The Pros and Cons of Getting ‘App-y’
By Nicole Miller, MS, RHIA, and Lee Wise, MS, RHIA, CHCO
WE LIVE IN an era where we can order groceries online and
have them delivered right to our kitchen. We are able to do
nearly all banking online, making it possible to never set foot in
a brick-and-mortar bank branch. It can be frustrating, then, to
find that due to healthcare’s slow regulatory processes it’s not as
easy or quick to receive care as it is to buy food or do banking.
These days, savvy patients are accessing their healthcare information on their computers at home and even on the go with their
smartphones. And patients increasingly want to interact with providers this way too, demanding telehealth options for an array of
services, such as the ability to schedule appointments electronically, access their patient portal on their phones, and securely send
their physicians data from their own health and wellness trackers.
The problem is some mobile capabilities are advancing faster than the regulatory bodies that govern those technologies,
which means to a large extent many providers can’t use all the
data their patients bring them. Both patients and providers
are frustrated by this. However, it would be beneficial if both
patients and providers understood the current limitations of
existing health IT capabilities.
What Patients Want
Healthcare is trying to adopt the technology as it becomes
available, but adoption still lags in comparison to other fields.
In other industries, such as retail, technology allows for a very
interactive experience. But given the legal protections around
protected health information (PHI), only individuals with the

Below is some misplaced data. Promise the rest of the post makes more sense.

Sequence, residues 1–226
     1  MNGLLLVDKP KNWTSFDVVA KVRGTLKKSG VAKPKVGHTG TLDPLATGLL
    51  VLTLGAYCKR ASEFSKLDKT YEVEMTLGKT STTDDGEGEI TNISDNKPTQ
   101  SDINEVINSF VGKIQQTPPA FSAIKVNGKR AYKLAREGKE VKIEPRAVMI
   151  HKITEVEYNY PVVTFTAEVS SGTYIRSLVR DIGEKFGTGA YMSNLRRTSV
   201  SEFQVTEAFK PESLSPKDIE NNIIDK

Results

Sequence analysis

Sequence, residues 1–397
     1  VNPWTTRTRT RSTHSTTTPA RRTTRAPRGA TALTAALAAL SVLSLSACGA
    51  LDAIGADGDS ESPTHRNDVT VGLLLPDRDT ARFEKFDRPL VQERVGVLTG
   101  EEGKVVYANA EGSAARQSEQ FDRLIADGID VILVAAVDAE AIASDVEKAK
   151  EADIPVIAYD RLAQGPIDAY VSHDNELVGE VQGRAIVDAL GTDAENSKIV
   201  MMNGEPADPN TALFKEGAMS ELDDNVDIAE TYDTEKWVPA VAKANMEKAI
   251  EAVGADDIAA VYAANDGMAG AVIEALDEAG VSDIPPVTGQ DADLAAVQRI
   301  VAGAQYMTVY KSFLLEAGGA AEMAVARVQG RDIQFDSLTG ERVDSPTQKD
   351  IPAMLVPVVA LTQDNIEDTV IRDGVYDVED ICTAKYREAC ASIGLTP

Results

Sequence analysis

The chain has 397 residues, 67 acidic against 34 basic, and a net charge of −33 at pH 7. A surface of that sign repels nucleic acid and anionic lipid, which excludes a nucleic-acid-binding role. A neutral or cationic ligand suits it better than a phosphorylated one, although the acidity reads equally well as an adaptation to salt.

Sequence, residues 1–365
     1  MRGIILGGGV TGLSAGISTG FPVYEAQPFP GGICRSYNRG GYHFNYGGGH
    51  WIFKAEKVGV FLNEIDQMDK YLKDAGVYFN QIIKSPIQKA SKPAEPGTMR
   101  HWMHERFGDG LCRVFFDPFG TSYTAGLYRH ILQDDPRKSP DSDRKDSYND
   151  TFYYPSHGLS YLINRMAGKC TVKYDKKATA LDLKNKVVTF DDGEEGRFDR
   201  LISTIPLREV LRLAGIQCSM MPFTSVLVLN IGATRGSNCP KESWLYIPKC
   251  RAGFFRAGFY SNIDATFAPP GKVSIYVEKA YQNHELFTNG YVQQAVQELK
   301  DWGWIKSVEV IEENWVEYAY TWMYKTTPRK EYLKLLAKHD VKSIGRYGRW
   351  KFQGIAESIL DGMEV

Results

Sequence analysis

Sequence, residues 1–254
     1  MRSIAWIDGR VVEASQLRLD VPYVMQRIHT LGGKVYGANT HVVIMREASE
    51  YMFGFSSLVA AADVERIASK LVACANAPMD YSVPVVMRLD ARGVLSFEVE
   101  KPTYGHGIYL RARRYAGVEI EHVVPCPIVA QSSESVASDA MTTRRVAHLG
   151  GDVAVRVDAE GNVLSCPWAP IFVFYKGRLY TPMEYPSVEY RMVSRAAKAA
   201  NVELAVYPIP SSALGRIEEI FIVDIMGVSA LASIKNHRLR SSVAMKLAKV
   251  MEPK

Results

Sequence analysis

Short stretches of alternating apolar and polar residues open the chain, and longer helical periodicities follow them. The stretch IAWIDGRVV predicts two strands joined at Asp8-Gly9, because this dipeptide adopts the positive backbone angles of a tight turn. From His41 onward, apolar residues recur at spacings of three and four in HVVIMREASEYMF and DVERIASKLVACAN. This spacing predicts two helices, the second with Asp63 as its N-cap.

proper HIPAA training should handle patient data. Patients
understand that face-to-face encounters aren’t replaceable,
they just want the convenience factor that other online activi-
ties offer. While healthcare is lagging in the area of connectiv-
ity and technology, circumstances are improving. Some urgent
care centers and physician offices offer easy online sign-in op-
tions where patients can enter in some of their own medical
history, which saves time when they arrive for the visit. An-
other option for individuals seeking mental health services are
mobile apps such as TalkSpace that provide individual coun-
seling and relationship counseling online.
Several trustworthy apps are available that can interface with
the provider’s electronic health record (EHR) or patient portal,
which allows for more real-time patient updates (i.e., blood
sugar and blood pressure monitoring). Once a physician has
signaled their preference for such an app, patients might begin
to feel a more harmonious relationship with their provider. This
relationship can lead to happier patients and increased compliance with the treatment plan set forth by their provider.
What Providers Want
Healthcare providers that are open to accepting patient-generated data are taking a much needed step in terms of patient
engagement. Providers can also measure their levels of patient
engagement by documenting interactions on patient portals,
which is also a key element of value-based care. The more points
of contact the patient has with their healthcare provider, the more
likely they are to be compliant with specific instructions, such as
taking medications or following a special diet. Once a physician
has connected with a patient through their portal—even if it’s
a smartphone app connected to the portal—the physician can
push out educational materials and helpful tips to the patients,
thereby increasing patient engagement.
It would be wise of providers to try and not feel threatened
by patients who play an active role in their care. Instead, the